Lucid Dreamers May Help Unravel the Mystery of Consciousness

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We spend around six years of our lives dreaming – that’s 2,190 days or 52,560 hours. Although we can be aware of the perceptions and emotions we experience in our dreams, we are not conscious in the same way as when we’re awake. This explains why we can’t recognize that we’re in a dream and often mistake these bizarre narratives for reality.

But some people – lucid dreamers – have the ability to experience awareness during their dreams by “re-awakening” some aspects of their waking consciousness. They can even take control and act with intention in the dream world (think Leonardo DiCaprio in the film Inception).

Lucid dreaming is still an understudied subject, but recent advances suggest it’s a hybrid state of waking consciousness and sleep.

Sleep paralysis. My Dream, My Bad Dream, 1915. (Credit: Fritz Schwimbeck/Wikimedia)

Lucid dreaming is one of many “anomalous” experiences that can occur during sleep. Sleep paralysis, where you wake up terrified and paralyzed while remaining in a state of sleep, is another. There are also false awakenings, where you believe you have woken up only to discover that you are in fact dreaming. Along with lucid dreams, all these experiences reflect an increase in subjective awareness while remaining in a state of sleep. To find out more about the transitions between these states – and hopefully consciousness itself – we have launched a large-scale online survey on sleep experiences to look at the relationships between these different states of hybrid consciousness.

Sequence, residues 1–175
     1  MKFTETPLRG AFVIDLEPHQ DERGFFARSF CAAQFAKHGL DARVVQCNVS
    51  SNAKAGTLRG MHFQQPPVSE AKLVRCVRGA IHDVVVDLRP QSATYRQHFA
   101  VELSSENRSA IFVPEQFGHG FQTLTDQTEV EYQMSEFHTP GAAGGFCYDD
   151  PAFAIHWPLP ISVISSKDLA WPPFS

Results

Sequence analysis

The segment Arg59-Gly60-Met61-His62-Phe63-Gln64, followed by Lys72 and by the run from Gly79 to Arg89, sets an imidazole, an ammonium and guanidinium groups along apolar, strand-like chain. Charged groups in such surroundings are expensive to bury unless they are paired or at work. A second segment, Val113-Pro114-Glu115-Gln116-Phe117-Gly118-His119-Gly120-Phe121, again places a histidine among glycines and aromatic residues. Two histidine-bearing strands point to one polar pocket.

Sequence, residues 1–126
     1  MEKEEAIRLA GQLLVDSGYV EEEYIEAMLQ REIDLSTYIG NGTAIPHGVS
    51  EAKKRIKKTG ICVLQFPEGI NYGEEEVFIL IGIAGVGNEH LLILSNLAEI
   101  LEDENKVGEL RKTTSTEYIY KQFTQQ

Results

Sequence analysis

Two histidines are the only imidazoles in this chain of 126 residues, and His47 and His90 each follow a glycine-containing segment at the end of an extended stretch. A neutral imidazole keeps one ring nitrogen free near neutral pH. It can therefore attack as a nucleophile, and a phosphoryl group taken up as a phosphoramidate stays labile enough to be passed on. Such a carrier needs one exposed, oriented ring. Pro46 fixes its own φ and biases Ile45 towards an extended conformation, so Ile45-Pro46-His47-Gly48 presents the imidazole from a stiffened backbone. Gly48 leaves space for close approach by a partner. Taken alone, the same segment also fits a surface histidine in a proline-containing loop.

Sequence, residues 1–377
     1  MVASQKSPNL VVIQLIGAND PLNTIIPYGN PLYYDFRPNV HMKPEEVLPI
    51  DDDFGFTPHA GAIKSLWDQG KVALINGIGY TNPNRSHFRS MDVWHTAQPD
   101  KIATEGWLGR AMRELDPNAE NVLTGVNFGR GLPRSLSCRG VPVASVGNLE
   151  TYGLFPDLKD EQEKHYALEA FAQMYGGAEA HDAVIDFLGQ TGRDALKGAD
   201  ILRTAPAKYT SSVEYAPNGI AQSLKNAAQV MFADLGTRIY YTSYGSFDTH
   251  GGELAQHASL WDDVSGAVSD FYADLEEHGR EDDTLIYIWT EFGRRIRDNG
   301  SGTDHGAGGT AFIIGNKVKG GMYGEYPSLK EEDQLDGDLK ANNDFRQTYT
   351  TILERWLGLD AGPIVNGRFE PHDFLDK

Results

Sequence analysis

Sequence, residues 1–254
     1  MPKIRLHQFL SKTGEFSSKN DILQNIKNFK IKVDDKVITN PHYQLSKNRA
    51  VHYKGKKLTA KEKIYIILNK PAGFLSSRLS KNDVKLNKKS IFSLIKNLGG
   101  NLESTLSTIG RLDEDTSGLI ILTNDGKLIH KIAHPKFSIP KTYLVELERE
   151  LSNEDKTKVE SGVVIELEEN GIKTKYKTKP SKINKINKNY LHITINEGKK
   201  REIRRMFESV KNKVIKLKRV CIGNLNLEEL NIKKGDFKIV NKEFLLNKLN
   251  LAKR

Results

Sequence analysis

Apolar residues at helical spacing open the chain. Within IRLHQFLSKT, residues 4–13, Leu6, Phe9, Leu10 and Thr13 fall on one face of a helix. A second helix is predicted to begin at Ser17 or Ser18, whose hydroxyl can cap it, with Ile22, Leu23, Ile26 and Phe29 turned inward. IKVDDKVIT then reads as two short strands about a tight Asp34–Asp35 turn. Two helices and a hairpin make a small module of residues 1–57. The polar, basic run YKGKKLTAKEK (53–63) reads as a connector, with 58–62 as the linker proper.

Lucid Dreaming and the Brain

About half of us will experience at least one lucid dream in our lives. And it could be something to look forward to because it allows people to simulate desired scenarios from meeting the love of their life to winning a medieval battle. There is some evidence that lucid dreaming can be induced, and a number of large online communities now exist where users share tips and tricks for achieving greater lucidity during their dreams (such as having dream totems, a familiar object from the waking world that can help determine if you are in a dream, or spinning around in dreams to stop lucidity from slipping away).